Survival and Growth of Re-attached Storm-generated Coral Fragments Post Super-typhoon Haiyan (a.k.a. Yolanda)

Jonathan A. Anticamara, Barron Cedric A. Tan


Coral reefs in Eastern Samar, Philippines were badly damaged by super typhoon Haiyan, which left many reefs in a fragmented state – with many branching corals and other coral forms scattered in loose pieces. As part of the efforts to address this problem, we tested the re-attachment of 43 species of coral fragments to sturdy natural substrates in three reef sites in Eastern Samar (Can-usod and Monbon in Lawaan, and Panaloytoyon in Quinapondan). The results revealed that 88% of re-attached coral fragments survived (45% showed positive growth, and 43% survived with partial tissue mortality). Those that showed positive growth exhibited high growth rates. We also found that fragments of some coral species are more fast-growing (e.g. , Cyphastrea decadia, Echinopora pacificus, and Millepora tenella) than others (e.g. , Porites lobata or Pectinia paeonia). Overall, our results suggest that if Local Government Units (LGUs) invest in the re-attachment of fragmented corals (e.g. , reefs damaged by super typhoons or by various human activities such as fishing), then coral reef degradation in the Philippines would have a better chance of recovering.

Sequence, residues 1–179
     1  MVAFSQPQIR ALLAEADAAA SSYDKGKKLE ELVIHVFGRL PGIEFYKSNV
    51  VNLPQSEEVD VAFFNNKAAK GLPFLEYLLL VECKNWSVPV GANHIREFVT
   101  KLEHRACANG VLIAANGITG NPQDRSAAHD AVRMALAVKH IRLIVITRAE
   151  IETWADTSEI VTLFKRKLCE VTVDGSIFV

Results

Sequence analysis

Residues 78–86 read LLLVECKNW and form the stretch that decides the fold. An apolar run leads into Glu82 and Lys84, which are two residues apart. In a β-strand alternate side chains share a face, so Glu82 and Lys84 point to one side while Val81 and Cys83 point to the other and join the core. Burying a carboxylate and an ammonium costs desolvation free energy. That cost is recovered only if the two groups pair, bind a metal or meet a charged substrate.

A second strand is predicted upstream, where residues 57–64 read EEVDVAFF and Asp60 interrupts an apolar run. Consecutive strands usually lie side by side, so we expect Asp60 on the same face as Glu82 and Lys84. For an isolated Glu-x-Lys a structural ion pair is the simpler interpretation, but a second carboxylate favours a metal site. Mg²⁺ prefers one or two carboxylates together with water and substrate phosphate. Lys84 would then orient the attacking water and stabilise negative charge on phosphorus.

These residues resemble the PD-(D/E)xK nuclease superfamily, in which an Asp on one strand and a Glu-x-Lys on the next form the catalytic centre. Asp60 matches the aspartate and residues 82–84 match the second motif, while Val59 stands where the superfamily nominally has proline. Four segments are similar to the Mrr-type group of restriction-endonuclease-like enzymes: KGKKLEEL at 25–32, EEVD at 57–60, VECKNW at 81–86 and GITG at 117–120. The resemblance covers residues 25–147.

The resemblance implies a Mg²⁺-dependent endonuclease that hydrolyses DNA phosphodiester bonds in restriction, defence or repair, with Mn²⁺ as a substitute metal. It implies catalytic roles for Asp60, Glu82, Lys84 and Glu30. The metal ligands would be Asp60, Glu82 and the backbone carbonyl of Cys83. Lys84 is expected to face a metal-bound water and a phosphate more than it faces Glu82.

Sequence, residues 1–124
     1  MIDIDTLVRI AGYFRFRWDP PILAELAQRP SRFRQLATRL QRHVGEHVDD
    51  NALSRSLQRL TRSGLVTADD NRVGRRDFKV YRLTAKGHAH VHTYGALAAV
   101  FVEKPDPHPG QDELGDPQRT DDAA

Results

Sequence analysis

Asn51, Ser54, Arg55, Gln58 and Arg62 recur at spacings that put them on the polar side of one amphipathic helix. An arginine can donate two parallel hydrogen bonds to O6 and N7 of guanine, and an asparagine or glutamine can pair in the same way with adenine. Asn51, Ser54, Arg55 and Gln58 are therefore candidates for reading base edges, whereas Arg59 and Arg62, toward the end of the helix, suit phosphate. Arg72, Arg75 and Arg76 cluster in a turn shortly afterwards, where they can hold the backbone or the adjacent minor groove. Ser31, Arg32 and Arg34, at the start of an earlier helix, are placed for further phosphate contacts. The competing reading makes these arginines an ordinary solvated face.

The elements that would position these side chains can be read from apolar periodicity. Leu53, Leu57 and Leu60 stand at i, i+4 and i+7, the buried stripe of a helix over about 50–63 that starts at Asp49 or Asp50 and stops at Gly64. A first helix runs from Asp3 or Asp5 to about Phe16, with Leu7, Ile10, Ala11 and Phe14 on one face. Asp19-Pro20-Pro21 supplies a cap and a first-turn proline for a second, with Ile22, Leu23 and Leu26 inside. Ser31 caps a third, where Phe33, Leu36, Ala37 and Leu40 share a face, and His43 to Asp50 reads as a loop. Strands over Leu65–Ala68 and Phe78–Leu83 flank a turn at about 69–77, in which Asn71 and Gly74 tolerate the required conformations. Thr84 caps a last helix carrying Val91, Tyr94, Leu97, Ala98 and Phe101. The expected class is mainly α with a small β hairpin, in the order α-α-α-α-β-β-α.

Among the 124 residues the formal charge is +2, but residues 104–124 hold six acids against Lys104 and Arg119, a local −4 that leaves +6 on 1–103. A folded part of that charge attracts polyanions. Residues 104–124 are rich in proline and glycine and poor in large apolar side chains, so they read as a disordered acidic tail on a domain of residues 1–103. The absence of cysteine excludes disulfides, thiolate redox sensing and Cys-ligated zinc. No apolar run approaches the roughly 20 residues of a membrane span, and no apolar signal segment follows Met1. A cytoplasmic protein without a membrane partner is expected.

Keywords: Coastal management, conservation, Leyte Gulf, reef restoration, super typhoon

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